Icon select logic 520 is arranged to receive an address signal and determine when the address being drawn by OSD system 500 is located within the programmable area of the OSD. When the address is within the programmable area, icon select logic 520 produces an icon enable signal at node 560 indicating that the address is within the programmable area. In response to the icon enable signal, the icon select signal, and the address signal; character selector logic 550 selects an icon from programmable icon character storage 540. The icon select signal indicates the icon to be displayed within the OSD image. The icon may be selected from a predetermined number of stored icons within the OSD. According to one embodiment of the invention, the icon select signal is a 4-bit value representing one of sixteen icons that may be displayed within the OSD image. As will be appreciated, more or less icons may be stored within the OSD system. When the icon enable signal indicates that the address is not within the programmable area, character selector logic 550 in response to the address signal selects the appropriate frame character for the OSD frame from frame character storage 530. The appropriate character is based on the address grid location within the OSD. For example, if the OSD is at address grid location (1,1) the character used to represent the OSD frame at this location (1,1) is retrieved from frame character storage 530. The character selected from frame character storage 530 or programmable icon character storage 540 is output through the CHAR output of character selector logic 550 and is drawn to the display.

FIG. 6 illustrates six characters combined to create an icon, according to one embodiment of the invention. As shown in the figure icon 600 includes characters C1 to C6 at locations (1,1), (1,2), (1,3), (2,1), (2,2), and (2,3), respectively. While the icon is made up of six different characters according to this particular example, more or less characters may be used to create the icon. For example, the programmable area could contain space for eight or sixteen characters to make up the icon.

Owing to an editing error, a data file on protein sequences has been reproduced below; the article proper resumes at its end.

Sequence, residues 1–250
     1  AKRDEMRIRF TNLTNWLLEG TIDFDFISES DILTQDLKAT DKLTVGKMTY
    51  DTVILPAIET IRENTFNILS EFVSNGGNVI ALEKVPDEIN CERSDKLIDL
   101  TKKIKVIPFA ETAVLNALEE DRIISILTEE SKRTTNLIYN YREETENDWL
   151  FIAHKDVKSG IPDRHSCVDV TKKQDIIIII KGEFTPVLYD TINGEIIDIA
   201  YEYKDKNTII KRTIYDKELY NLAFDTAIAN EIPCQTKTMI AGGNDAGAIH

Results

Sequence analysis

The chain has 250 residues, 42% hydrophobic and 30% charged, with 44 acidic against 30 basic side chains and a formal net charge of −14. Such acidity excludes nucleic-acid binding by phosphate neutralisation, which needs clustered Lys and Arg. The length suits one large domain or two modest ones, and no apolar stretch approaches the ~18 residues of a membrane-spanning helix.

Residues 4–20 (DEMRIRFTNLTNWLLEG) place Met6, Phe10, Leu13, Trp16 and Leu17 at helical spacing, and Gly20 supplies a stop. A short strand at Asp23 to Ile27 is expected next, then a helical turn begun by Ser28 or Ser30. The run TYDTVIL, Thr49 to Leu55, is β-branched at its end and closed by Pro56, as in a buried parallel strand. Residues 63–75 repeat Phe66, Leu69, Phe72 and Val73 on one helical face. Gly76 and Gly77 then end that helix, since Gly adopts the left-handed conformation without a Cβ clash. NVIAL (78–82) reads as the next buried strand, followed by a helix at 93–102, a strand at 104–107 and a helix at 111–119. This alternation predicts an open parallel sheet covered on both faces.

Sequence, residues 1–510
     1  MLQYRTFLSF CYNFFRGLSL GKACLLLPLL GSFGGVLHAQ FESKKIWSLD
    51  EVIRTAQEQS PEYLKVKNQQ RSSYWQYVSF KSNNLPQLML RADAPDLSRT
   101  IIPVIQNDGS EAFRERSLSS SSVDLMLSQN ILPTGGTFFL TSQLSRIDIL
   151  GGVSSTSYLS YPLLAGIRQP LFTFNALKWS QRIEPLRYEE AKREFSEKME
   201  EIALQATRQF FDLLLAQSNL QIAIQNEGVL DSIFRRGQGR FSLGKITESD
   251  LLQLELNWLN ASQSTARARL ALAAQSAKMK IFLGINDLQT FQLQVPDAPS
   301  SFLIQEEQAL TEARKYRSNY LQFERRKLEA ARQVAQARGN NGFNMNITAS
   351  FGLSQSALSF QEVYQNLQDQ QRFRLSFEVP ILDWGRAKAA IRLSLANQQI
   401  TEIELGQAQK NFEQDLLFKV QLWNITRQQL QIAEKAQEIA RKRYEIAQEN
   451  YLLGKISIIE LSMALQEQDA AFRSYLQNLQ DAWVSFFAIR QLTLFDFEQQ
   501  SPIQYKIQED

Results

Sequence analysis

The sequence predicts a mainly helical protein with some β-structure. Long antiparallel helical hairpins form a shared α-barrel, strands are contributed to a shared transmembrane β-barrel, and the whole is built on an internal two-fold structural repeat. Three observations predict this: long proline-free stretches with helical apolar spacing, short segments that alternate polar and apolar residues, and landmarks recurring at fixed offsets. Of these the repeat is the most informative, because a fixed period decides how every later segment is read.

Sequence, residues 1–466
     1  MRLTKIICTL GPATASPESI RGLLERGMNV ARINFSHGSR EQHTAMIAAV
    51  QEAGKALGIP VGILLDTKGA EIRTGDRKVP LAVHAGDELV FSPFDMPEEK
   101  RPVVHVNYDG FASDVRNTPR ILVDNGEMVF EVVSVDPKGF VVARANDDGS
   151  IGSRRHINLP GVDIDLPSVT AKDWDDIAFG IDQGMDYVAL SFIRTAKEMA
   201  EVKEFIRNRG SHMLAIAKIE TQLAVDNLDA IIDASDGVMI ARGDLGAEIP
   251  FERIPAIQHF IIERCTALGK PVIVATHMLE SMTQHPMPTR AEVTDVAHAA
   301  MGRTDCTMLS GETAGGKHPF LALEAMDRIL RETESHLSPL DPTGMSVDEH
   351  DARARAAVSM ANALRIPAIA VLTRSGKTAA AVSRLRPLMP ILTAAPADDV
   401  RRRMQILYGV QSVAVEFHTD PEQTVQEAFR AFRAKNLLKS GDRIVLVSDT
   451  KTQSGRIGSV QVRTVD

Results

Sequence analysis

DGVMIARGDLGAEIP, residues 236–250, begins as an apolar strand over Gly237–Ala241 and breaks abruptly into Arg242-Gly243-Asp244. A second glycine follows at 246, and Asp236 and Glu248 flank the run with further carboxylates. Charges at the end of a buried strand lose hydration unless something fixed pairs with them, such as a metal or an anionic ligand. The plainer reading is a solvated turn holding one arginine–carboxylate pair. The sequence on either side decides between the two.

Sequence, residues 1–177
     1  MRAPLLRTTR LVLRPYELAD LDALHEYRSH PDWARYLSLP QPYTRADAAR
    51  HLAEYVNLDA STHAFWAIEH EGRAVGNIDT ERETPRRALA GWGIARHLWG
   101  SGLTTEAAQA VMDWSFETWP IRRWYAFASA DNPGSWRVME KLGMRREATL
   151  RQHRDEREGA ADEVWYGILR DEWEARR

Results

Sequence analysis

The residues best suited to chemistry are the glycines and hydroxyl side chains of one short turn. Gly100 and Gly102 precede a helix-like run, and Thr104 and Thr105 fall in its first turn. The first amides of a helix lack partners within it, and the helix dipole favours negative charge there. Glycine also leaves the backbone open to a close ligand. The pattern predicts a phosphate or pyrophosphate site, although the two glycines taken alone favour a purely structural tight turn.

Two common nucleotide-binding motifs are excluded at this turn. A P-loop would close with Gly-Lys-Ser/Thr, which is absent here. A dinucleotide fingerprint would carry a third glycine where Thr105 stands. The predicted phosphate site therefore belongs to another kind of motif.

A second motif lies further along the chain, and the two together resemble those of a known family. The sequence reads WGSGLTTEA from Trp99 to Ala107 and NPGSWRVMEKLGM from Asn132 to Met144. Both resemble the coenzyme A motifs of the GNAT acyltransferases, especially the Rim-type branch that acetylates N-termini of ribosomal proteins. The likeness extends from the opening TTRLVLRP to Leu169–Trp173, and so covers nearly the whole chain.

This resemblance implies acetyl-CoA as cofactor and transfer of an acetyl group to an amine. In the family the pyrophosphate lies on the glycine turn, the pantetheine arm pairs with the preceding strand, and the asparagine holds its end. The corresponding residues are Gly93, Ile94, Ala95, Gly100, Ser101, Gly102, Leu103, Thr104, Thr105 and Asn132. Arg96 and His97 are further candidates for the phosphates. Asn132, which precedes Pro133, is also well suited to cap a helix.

FIG. 7 illustrates an icon selection system for an OSD system, according to one embodiment of the invention. As shown in the figure, icon selection system 700 includes icon select 740, character memory 710, frame character storage 720, and icon character storage 730.

Character memory 710 is sized to hold the characters used for the OSD frame and the icon characters used within the programmable area of the OSD. According to one embodiment of the invention, character memory 710 is a ROM that has 128 character addresses that each store an 8×8 character cell. Frame character storage 720 is sized to hold the 30 characters used for the OSD frame. Icon character storage 730 includes space for displaying one of the sixteen icons in each of the six characters within the programmable area. For example, CHAR 1 is the character located at address grid location (1,1) and stores a separate character for each of the sixteen icons. According to the particular embodiment described, CHAR 1 stores the characters making up the upper left ⅙ of the icons (See FIG. 6).

As shown in the figure, icon select 740 is selecting to display Icon 2 within the programmable area. Each character location stores a character making up a portion of the icon. For example, the Icon 2 character stored in each of CHAR1 through CHAR 6 could make up the icon as displayed in FIG. 6. A single value representing the desired icon may therefore be used to select an icon character to be displayed within the programmable area of the OSD. As will be appreciated, more or less icons may be used within the system.

The use of a fixed sized frame for the OSD with only a small number of characters changed to give icon representation results in the complete OSD page definition for sixteen different icons mapped into a memory space of just 128 locations. This represents a considerable die size saving compared to a conventional OSD, where typically page definition requires around 500–1000 bytes of RAM in the OSD, and 2–4 Kbytes of ROM in the microcontroller.